This 60 item, paper-and-pencil test is designed to test knowledge and skill in the area of air conditioning.
Categories tested include: Print Reading, Electrical, and Test Equipment; Controls; Welding, Piping and Plumbing; Mechanical Maintenance & Machines and Equipment; Heating and Ventilation & Combustion; and Air Conditioning & Refrigeration.
The Air Conditioning Specialist Test was developed as part of the development of a series of skills tests. A shortened version consisting of 60 items, RCJS Air Conditioning Specialist – Form SWA-C, was developed in February of 2002. An on-line version Form SWA-E was developed in October of 2002. One item was altered slightly in the on-line version of the test in order to allow the use of a smaller schematic diagram.
The test was intended for use with applicants and incumbents for jobs where knowledge and skill in the area of air conditioning is a necessary part of job activities. Job analysis activities conducted during development of this test revealed that an applicable title is Heating and Air Conditioning Installer Servicer as defined in the Dictionary of Occupational Titles (U.S. Department of Labor, 1991) and Heating and Air Conditioning Mechanics and Installers, as defined on O*NET OnLine (National O*Net consortium for the U.S. Department of Labor, 2007).
AIR CONDITIONING SPECIALIST KNOWLEDGE AND SKILL AREAS
A. Print Reading
1. Schematics (basic, pneumatic, electrical,& complex piping)
2. Mechanical drawings
3. Assembly drawings
a. Air supply systems
b. Regulation & control
e. Air compressors
f. Air dryers
4. System calibration
5. Troubleshooting & applications
C. Welding, Burning, Brazing, & Soldering
D. Mechanical Maintenance
5. Remove/Assemble/Install equipment
E. Machines & Equipment
1. Hand tools
2. Power tools
F. Heating & Ventilating
G. AC & Refrigeration
H. Piping & Plumbing
2. Tubing, hoses & fittings
4. Strainers, filters & traps
5. Steam, water & gas
6. Heat exchanger
7. Troubleshooting & applications
1. Control systems
3. Furnaces, boilers, & heating systems
1. AC/DC theory
3. Control circuits
K. Test Equipment & Instrumentation
5. Conversion of standards
L. Safety (safety item in each area)
AIR CONDITIONING SPECIALIST – NUMBER OF ITEMS
A. Print Reading (5), Electrical (6),and Test Equipment (2) – 13
B. Controls – 13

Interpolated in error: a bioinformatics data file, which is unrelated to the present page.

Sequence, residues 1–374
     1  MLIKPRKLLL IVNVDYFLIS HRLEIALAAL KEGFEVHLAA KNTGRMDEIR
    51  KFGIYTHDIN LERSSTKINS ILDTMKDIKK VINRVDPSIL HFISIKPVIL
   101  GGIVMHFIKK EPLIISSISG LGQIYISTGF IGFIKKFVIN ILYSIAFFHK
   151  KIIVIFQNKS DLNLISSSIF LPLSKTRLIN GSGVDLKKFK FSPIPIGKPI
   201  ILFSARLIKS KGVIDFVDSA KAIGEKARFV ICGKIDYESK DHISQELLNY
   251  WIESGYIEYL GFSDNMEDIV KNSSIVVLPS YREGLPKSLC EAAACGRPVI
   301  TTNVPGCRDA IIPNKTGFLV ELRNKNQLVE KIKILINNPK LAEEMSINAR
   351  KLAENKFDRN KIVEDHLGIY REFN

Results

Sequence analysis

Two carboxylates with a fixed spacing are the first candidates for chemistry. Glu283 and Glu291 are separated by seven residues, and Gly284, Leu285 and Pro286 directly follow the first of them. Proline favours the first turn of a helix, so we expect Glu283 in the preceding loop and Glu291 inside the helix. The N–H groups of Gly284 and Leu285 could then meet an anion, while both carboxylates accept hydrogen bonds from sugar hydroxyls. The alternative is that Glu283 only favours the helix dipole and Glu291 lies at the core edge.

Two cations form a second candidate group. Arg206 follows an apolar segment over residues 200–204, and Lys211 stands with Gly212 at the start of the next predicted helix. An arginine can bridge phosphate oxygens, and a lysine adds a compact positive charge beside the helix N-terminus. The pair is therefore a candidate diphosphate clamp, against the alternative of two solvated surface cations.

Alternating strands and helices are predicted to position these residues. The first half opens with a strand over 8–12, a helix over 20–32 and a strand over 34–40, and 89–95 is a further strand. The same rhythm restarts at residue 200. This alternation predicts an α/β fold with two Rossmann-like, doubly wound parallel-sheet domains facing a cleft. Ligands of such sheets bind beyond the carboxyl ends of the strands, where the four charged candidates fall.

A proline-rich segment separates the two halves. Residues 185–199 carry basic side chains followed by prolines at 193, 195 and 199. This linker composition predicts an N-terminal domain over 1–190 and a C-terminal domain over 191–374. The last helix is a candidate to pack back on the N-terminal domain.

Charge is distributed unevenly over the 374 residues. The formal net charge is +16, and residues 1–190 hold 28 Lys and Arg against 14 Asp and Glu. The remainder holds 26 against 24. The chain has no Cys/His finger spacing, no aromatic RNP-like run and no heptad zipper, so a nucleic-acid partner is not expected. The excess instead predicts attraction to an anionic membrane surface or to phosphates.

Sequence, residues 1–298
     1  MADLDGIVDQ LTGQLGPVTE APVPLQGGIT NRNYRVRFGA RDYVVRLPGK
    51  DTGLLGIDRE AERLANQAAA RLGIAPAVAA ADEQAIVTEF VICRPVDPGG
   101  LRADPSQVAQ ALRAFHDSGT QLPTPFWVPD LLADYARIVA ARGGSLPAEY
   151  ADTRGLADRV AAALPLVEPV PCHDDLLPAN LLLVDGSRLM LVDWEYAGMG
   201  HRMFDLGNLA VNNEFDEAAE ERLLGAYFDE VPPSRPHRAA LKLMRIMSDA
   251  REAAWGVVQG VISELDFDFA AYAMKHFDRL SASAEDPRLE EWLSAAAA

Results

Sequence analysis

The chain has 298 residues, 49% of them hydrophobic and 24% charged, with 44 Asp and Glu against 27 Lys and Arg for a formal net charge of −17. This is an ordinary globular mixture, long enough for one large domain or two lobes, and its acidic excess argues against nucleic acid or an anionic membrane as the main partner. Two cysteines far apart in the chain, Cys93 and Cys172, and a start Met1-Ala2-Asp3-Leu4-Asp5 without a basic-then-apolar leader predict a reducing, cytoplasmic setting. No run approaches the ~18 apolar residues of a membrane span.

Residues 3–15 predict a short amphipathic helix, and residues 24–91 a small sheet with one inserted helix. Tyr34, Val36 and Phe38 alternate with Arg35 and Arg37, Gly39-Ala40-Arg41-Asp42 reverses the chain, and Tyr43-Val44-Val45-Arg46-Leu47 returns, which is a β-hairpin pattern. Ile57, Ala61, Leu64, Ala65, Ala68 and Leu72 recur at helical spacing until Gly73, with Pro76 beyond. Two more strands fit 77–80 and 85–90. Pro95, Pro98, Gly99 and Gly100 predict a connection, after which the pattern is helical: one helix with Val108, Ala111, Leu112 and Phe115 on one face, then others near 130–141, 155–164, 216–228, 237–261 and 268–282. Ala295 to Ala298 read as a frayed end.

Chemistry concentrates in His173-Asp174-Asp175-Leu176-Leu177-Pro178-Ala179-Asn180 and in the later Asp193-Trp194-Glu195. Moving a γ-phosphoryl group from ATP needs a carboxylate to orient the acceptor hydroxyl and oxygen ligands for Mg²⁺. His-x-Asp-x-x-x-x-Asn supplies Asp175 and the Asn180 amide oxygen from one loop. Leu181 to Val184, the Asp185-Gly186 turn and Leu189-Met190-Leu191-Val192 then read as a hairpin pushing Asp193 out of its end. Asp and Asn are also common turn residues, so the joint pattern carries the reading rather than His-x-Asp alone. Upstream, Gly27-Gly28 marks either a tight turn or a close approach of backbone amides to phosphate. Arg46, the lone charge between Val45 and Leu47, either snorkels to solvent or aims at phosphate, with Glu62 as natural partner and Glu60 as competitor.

C. Welding (2), Piping and Plumbing (4) – 6
D. Mechanical Maintenance (7), and Machines & Equipment (2) – 9
E. Heating & Ventilation (8), and Combustion (2) – 10
F. Air Conditioning and Refrigeration – 9
Please contact us for pricing and more information. Sample questions are not available for this instrument. Sample copies are available for purchase only.
We recommend that test validation be conducted for an organization that meets any of the following criteria:
- Is a highly visible national or international company
- Has more than 200 employees
- Has a labor agreement
- Has a federal contract
- Has ever had an EEO charge
- Needs professional assistance for setting cutting scores on tests
The Uniform Guidelines on Employee Selection Procedures (1978)1, developed by the EEOC, Civil Service Commission, Department of Labor and Department of Justice, are intended to establish a uniform Federal position in the area of prohibiting discrimination in employment practices. Regarding the use of tests and other selection procedures, the Guidelines state:
These guidelines apply to tests and other selection procedures which are used as a basis for any employment decision. Employment decisions include but are not limited to hiring, promotion, demotion, membership (for example, in a labor organization), referral, retention, and licensing and certification, to the extent that licensing and certification may be covered by Federal equal employment opportunity law. Other selection decisions, such as selection for training or transfer, may also be considered employment decisions if they lead to any of the decisions listed above. (Section 2B)
The Guidelines also state:
The use of any selection procedure which has an adverse impact on the hiring, promotion, or other employment or membership opportunities of members of any race, sex, or ethnic group will be considered to be discriminatory and inconsistent with these guidelines, unless the procedure has been validated in accordance with these guidelines. (Section 3A)
From the employer’s perspective, it is very useful to have a job-related test. When tests are job related, they have more credibility with the persons taking them, giving the test takers more confidence in their results and providing less likelihood of complaint or litigation. A validated test is usually the product of research by a psychologist. The resulting validation report is the documented evidence by a professional researcher of the validity of the selection procedure. In the event of complaint or litigation, the report would usually be entered into evidence. In addition, the author would provide testimony that the report reflects generally-accepted professional practice and is in conformance with the requirements of the Uniform Guidelines on Employee Selection Procedures.
1 Equal Employment Opportunity Commission, Civil Service Commission, Department of Labor, and Department of Justice. (1978, August). Uniform guidelines on employee selection procedures. Federal Register, 43, 38290-38315.
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